Very Low: The event is highly unlikely to occur under regular circumstances.
Low: The event is unlikely but should be noted by the project team.
Medium: The event has a normal chance of occurring and the project team should be aware of it.
High: The event has a reasonable chance of occurring. It should be regularly discussed and mitigation actions taken.
Very High: The occurrence of the event should be actively managed and mitigation actions taken.
Aligned Risk Management breaks down risk levels into four categories: Negligible, Marginal, Serious, and Critical.
Theoretical risk. Unlikely to be a serious concern.
Vulnerability is very unlikely to be exercised, OR
Existing controls are highly effective at mitigating the risk, OR
Potential impact on security, privacy and availability of ePHI is low
Unlikely to be an immediate concern, especially in light of other, more severe risks.
Some likelihood that vulnerability could be exercised
Existing controls provide some effective mitigation of risk
Potential for significant impact on operations. Effective Risk Management or reasonable plan for such recommended in near future.
Vulnerability is likely to be exercised
Existing controls provide inadequate mitigation of risk
Potential for significant impact on security, privacy or availability of ePHI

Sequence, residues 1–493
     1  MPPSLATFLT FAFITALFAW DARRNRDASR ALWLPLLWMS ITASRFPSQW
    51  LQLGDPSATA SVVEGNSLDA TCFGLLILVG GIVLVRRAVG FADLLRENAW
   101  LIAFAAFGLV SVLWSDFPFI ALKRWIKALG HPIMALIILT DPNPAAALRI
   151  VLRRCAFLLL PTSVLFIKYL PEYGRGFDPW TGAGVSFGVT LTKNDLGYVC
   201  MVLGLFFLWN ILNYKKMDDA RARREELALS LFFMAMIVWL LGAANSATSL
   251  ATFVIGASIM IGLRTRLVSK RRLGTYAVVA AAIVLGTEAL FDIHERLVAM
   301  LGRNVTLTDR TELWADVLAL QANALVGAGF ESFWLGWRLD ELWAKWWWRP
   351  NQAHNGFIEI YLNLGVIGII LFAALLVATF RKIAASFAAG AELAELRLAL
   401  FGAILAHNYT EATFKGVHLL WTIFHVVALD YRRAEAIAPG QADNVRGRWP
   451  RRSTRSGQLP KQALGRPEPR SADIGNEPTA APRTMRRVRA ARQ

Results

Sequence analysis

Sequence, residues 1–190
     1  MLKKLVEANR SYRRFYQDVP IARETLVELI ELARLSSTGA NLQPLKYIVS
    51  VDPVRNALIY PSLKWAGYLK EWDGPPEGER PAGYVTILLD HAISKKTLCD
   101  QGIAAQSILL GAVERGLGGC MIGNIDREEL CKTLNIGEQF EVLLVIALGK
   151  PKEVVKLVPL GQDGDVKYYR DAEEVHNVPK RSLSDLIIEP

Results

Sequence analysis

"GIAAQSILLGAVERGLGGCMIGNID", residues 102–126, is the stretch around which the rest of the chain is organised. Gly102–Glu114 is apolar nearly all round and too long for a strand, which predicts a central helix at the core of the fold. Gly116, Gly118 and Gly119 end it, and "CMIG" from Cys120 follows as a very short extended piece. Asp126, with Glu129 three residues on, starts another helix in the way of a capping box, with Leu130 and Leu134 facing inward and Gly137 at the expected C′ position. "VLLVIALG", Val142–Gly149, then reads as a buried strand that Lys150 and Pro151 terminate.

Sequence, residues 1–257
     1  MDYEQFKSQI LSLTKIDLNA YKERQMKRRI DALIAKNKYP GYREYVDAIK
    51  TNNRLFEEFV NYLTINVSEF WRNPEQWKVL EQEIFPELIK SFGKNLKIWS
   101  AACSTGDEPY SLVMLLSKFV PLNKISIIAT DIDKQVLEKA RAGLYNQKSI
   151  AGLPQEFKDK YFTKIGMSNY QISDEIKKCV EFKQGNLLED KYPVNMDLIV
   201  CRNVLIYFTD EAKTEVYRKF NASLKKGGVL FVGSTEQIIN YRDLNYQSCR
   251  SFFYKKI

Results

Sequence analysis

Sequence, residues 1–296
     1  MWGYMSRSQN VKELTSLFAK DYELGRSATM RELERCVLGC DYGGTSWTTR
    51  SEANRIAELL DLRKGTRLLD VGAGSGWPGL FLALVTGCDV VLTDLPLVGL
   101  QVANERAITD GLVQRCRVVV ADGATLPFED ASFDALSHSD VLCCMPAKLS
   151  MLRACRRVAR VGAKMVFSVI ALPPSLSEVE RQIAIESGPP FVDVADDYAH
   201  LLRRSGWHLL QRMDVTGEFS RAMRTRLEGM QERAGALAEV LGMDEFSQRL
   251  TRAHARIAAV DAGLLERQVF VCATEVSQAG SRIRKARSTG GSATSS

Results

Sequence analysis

Failure to implement controls required by HIPAA. Potential liability and exposure to penalties. Potential for malicious exploitation. Exercise of vulnerability could cause mission-critical damage to business operations. Prompt intervention strongly recommended.
Vulnerability is very likely to be exercised or is currently being exercised
Existing controls provide little effective mitigation of risk
Potential for high or even catastrophic impact on security, privacy or availability of ePHI
A good brainstorming tool is to consider the assumptions made by the project. Most projects have disclaimers in their underlying contracts absolving the performing party of various obvious risks, but what about the next most obvious ones?
What assumptions has the project budget made?
What assumptions has the project schedule made (completion date, milestones, etc.)?
What expertise or prior experience does the company have in this work? How long ago was this experience? What areas require additional training?